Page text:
I would like to commend you, your cast and all the others involved in this performance a great “BRAVO” on an excellent performance. I was in attendance at the world premiere of Sarasvati Productions presentation of New Beginnings and was so impressed with it… A very great performance by the cast. Representatives of the Jamaican Association of Manitoba were invited to answer questions and share comments with the cast and audience at the end of the performance. A great evening.” – Patrick Moore, Jamaican Association of Manitoba

 

We couldn’t have made this production happen without the community members who participated in our workshops and allowed us to share their stories onstage. Big thank-yous as well to our incredible creative team, our hard-working volunteers, and everyone who came out to support New Beginnings!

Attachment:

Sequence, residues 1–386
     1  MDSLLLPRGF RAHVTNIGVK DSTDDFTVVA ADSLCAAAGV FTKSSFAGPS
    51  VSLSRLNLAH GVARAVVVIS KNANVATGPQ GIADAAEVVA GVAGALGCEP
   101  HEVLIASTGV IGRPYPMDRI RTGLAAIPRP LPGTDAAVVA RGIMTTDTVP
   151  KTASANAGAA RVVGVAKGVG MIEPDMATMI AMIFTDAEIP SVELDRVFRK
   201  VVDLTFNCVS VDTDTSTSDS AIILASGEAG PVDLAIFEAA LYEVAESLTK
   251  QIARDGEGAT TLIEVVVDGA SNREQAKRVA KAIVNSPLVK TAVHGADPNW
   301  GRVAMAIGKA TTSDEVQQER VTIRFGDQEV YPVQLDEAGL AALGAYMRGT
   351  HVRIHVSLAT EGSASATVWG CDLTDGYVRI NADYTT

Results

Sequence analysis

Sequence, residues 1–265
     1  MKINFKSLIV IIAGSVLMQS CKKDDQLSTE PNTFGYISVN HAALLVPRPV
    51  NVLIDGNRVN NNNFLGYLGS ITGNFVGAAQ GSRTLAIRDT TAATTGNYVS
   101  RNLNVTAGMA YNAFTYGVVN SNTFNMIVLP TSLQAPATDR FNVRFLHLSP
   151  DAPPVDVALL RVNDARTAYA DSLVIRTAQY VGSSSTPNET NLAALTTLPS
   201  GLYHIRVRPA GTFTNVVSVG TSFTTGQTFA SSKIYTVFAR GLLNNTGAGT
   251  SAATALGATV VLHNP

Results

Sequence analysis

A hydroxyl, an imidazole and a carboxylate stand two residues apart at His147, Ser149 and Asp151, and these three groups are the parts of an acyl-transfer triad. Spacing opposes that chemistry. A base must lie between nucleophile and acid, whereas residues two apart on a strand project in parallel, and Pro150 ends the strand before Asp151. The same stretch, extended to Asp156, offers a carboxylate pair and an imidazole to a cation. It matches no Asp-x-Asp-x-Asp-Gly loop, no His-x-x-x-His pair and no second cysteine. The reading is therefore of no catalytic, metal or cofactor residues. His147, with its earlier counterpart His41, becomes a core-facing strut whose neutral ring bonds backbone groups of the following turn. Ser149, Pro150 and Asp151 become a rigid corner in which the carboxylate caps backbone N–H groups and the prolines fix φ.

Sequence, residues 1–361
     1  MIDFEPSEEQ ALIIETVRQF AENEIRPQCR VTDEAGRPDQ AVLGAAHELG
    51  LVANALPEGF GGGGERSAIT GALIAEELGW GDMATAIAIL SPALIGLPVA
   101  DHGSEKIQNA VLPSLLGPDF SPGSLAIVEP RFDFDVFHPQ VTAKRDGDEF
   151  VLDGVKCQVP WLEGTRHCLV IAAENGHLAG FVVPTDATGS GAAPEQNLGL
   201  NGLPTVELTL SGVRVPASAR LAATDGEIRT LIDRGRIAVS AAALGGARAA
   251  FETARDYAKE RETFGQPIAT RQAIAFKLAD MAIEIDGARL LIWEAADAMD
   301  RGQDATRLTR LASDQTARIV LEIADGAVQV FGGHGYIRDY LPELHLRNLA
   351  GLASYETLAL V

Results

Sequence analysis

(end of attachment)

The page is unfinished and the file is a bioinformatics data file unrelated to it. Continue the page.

Meet the Team Behind “New Beginnings”!

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New Beginnings is one of the biggest shows we’ve ever done: collaborating with artists across disciplines, including music, dance, and film-making! Get to know the amazing team bringing everything together!

What excites you about being on the New Beginnings artistic team? 

Gerry Atwell, Music Director: The subject matter is compelling and pertinent and the script is well researched, beautifully written and thought provoking. I love composing music and working with a talented creative team.

Brenda Gorlick, Dance Consultant: It is an absolute honour to work with such a diverse group of talented team members; I am extremely moved by the stories we are sharing and having a new appreciation for everyone’s journey.

Lindsay Johnson, Associate Producer: I have always admired Sarasvàti’s focus on producing theatre that sparks conversation about a wide range of important social issues. I am beyond thrilled to be a part of the artistic team who are helping stage the stories behind New Beginnings. It has been especially exciting for me to be involved in the community collaboration that shaped this production.